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     Volume 8 Issue 88 | October 2, 2009 |

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Patients with dengue fever in city hospitals are on the rise as this mosquito-borne disease takes a turn for the following monsoon rains. Doctors at different hospitals and clinics in Dhaka say that on average 10 to 15 patients are coming to hospitals with dengue fever every.

Dengue fever is a disease ranging from a mild to severe caused by four related viruses spread by a particular species of mosquito. Mild dengue fever causes high fever, rash, and muscle and joint pain. More severe forms of the disease dengue hemorrhagic fever and dengue shock syndrome can additionally cause severe bleeding, a sudden drop in blood pressure (shock) and death.

No specific treatment for dengue fever exists, and most people recover. But if you have a severe form of the disease, you need hospital care. Fifty million to 100 million cases of dengue infection occur worldwide each year. Most cases of dengue fever occur in urban areas of tropical and subtropical regions.

Signs and symptoms of dengue fever usually begin four to seven days after you've been bitten by a mosquito carrying a dengue virus. These signs and symptoms can vary, depending on the form of the disease. More severe forms of the disease usually begin the same way as the mild form (dengue fever), then become worse after several days.

Dengue fever signs and symptoms typically include:
* High fever, up to 105 F
* A rash over most of your body, which may subside after a couple of days and then reappear
* Severe headache, backache or both
* Pain behind your eyes
* Severe joint and muscle pain
* Nausea and vomiting

Dengue fever rarely causes death, and symptoms usually get better after five to seven days.

Dengue hemorrhagic fever a more severe form of the disease can also cause:
* Significant damage to your blood and lymph vessels
* A decrease in the number blood cells that help your blood clot (platelets)
* Bleeding from the nose, mouth and under the skin, creating the appearance of bruising
* Death

Dengue shock syndrome the most severe form of the disease may also cause:
* Blood vessel fluid (plasma) leakage
* Heavy bleeding
* A sudden drop in blood pressure (shock)
* Death
These signs and symptoms usually appear between the third and seventh day of illness, after fever has improved. They may be preceded by severe abdominal pain, frequent vomiting and disorientation. Two percent to 5 percent of those with a severe form of the disease die. Modern supportive hospital care decreases this risk.

Recovery from dengue fever may include a long period of listlessness, fatigue and even depression.

Dengue fever is caused by any one of four dengue viruses spread by the Aedes aegypti mosquito. These mosquitoes thrive in and near human habitations where they breed in even the cleanest water.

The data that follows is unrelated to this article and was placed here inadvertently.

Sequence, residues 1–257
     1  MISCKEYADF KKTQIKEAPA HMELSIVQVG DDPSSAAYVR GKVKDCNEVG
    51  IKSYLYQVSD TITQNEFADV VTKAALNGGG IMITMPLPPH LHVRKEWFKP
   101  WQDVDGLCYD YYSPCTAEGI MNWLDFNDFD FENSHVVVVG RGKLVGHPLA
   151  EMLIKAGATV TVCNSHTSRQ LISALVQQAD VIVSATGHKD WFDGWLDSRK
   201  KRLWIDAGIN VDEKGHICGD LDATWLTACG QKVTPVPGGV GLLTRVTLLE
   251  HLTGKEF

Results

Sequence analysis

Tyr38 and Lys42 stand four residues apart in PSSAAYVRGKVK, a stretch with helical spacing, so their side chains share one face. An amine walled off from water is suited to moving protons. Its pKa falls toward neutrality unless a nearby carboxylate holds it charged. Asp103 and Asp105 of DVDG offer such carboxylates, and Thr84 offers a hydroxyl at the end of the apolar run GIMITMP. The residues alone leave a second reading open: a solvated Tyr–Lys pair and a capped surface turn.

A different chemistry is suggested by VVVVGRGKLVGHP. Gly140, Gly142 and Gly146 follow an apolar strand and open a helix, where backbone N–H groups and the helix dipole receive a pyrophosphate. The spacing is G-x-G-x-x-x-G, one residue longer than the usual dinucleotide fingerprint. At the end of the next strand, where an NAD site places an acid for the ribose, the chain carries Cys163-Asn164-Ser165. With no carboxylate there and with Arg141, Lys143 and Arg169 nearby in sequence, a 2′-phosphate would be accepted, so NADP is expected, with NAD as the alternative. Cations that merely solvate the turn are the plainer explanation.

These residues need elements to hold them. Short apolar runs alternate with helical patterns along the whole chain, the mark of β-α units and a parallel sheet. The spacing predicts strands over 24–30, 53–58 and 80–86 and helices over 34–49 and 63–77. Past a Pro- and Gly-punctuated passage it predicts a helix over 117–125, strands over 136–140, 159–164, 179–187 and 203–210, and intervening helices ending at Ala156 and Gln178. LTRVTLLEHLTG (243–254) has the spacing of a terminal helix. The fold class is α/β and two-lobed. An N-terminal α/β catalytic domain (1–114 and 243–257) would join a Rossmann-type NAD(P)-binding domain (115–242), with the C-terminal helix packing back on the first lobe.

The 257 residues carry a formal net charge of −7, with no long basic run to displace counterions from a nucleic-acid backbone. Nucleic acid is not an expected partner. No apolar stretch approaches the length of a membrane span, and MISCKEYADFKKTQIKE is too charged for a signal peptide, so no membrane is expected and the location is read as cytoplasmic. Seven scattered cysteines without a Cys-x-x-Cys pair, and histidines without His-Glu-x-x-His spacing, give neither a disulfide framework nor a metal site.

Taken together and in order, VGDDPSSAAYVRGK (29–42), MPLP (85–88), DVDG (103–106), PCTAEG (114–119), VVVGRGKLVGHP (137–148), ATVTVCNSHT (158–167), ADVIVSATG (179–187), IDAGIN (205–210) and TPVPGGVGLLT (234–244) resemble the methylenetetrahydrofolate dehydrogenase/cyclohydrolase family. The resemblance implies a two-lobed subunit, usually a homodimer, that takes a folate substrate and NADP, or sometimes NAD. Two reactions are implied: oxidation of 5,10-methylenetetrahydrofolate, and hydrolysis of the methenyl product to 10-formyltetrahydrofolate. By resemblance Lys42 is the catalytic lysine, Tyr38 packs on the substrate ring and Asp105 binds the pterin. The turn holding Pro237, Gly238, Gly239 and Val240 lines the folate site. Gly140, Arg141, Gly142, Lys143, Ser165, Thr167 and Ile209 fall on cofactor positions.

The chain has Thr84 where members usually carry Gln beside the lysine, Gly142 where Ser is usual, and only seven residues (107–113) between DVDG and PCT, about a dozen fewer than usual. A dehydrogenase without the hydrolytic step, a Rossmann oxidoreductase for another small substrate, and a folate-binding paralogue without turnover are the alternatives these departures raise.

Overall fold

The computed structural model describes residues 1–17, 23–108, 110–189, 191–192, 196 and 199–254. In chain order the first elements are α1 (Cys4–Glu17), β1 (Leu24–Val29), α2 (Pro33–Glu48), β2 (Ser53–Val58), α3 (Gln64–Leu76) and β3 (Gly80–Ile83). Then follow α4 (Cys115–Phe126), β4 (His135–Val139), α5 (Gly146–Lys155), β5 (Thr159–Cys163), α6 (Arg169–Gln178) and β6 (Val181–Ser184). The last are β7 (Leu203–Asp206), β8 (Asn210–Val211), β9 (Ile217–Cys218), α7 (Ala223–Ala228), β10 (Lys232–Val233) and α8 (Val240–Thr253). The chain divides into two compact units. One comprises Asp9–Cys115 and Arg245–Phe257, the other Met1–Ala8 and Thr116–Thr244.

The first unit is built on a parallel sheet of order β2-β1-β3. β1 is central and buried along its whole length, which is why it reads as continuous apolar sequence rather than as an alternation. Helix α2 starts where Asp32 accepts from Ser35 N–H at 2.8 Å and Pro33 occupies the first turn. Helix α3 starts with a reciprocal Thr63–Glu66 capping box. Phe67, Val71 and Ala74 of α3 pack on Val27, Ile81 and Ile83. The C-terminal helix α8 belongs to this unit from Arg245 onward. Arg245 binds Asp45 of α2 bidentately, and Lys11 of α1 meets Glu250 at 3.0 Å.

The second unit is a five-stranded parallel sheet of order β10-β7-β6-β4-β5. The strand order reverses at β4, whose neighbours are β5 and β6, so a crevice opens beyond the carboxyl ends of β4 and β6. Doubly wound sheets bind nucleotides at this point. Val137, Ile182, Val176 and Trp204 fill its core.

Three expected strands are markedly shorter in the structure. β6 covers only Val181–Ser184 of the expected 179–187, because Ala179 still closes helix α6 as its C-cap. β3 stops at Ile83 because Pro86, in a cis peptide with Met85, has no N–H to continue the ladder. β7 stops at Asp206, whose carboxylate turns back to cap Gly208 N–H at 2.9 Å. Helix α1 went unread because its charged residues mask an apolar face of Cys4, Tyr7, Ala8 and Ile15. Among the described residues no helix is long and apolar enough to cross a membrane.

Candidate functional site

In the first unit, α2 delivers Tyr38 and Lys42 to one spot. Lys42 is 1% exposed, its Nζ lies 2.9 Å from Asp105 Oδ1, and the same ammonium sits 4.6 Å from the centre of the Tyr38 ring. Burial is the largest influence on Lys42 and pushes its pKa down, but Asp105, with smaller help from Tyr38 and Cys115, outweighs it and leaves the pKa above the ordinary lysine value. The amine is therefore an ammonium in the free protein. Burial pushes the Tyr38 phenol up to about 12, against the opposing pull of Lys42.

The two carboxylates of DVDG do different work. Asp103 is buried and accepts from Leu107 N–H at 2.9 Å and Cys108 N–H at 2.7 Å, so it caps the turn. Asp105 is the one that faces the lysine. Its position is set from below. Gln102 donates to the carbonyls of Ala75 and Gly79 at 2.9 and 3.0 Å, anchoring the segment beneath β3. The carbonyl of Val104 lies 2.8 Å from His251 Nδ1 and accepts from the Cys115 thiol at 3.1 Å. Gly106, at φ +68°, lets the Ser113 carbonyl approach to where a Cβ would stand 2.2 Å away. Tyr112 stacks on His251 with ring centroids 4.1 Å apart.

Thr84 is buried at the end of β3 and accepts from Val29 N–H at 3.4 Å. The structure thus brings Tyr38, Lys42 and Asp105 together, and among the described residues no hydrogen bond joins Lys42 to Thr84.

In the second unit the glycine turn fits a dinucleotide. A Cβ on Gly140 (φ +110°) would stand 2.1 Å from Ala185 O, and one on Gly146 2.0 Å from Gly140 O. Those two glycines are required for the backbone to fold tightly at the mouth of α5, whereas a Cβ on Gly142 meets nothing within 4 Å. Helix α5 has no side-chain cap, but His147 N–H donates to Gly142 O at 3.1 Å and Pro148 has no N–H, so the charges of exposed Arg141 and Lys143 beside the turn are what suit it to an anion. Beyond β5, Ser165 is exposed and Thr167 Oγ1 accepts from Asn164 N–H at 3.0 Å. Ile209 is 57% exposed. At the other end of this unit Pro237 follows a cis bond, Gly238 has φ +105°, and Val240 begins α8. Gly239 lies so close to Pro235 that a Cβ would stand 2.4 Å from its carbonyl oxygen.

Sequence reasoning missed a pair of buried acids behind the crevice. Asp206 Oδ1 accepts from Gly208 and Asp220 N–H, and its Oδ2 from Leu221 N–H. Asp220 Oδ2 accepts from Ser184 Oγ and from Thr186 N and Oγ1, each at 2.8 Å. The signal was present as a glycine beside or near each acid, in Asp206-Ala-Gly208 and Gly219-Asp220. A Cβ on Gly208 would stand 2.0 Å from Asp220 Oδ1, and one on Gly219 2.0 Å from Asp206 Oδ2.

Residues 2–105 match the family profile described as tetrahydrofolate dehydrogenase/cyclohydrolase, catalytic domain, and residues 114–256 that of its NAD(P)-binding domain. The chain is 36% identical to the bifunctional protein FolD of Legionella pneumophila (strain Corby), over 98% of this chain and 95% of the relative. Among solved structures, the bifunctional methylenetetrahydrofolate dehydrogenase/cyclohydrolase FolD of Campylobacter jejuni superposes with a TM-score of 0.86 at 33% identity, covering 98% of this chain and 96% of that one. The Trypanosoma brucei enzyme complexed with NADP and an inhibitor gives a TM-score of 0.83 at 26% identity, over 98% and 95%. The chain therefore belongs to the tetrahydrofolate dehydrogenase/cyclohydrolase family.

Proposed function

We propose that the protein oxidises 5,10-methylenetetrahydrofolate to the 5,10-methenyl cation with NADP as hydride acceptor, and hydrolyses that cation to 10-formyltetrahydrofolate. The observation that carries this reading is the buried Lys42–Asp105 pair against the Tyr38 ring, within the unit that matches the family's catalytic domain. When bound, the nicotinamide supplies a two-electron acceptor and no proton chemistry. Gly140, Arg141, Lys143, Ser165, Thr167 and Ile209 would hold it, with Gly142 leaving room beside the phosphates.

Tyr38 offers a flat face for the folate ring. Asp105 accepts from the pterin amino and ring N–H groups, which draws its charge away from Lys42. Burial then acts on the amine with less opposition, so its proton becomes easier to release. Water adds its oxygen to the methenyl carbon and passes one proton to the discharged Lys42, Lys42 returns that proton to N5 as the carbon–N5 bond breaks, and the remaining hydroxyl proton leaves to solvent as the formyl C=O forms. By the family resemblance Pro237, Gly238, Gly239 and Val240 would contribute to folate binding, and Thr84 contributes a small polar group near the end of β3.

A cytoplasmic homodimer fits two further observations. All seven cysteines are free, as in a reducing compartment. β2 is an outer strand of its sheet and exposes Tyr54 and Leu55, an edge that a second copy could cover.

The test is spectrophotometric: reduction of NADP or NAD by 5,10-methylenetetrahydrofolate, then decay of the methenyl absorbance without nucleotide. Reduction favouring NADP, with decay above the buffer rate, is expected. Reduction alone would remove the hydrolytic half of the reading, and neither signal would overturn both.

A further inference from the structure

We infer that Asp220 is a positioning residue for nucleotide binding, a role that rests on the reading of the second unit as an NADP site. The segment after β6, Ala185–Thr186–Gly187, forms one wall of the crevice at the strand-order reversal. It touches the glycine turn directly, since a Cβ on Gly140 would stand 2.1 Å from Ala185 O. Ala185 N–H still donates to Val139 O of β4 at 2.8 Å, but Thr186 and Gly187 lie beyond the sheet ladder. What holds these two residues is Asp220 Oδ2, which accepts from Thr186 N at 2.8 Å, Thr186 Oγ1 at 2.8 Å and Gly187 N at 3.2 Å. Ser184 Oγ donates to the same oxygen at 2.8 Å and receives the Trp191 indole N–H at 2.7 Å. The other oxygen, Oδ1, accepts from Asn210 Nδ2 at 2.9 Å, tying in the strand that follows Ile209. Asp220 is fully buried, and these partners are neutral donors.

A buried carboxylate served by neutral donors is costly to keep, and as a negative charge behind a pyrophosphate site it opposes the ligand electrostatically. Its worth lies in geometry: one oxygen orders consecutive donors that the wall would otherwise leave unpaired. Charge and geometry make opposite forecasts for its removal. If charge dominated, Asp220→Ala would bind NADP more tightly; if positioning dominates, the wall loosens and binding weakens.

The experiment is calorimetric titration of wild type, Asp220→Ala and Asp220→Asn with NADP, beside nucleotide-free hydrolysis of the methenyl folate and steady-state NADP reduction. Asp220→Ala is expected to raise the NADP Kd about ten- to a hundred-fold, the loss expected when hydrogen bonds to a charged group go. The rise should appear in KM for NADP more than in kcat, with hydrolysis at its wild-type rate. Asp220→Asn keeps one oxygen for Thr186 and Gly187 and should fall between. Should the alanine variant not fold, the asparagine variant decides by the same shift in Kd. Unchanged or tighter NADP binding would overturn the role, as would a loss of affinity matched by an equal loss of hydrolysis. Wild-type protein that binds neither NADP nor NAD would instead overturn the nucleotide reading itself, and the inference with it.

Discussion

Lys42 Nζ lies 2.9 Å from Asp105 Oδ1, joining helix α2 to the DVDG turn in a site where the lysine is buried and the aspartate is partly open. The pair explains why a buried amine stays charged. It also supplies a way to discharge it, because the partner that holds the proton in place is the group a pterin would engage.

Mosquitoes transmit the virus back and forth between humans. When a mosquito bites a person infected with a dengue virus, the virus enters the mosquito's bloodstream. It then circulates before settling in the salivary glands. When the infected mosquito then bites another person, the virus enters that person's bloodstream, where it may cause the serious illness.

If you've had dengue fever before, you can get it again if you become infected with another one of the four dengue viruses. Having antibodies to a virus in your blood from a previous infection usually helps protect you. But in the case of dengue fever, it actually increases your risk of severe disease dengue hemorrhagic fever if you're infected again. So previous infection with a dengue fever virus increases your risk of a more severe form of the disease. This most often occurs in children.

Most people with dengue fever recover within five to 14 days. Some, particularly adults, may feel listless, tired and even depressed for several weeks to months after being infected.

If severe, dengue fever can lead to dengue hemorrhagic fever and dengue shock syndrome, which can cause heavy bleeding, shock and in about 2 percent to 5 percent of those with these conditions death. Those who survive may experience liver, blood vessel and brain damage, as well as seizures.

No specific treatment for dengue fever exists.

If you have a mild form of the disease, your doctor will recommend making sure to drink enough fluids to avoid dehydration from vomiting and high fever. You can also take acetaminophen (Tylenol, others) for pain and fever. Avoid aspirin or other nonsteroidal anti-inflammatory drugs, such as ibuprofen (Advil, Motrin, others) and naproxen sodium (Aleve). These can increase the risk of bleeding complications.

If you have a more severe form of the disease, treatment consists of supportive care in a hospital. Such care includes intravenous fluids and electrolyte replacement, maintaining adequate blood pressure and replacing blood loss.

If you have any form of dengue fever, you must also be kept away from mosquitoes, to avoid transmitting the disease to others.

Adapted from: HealthNet and Mayo Clinic

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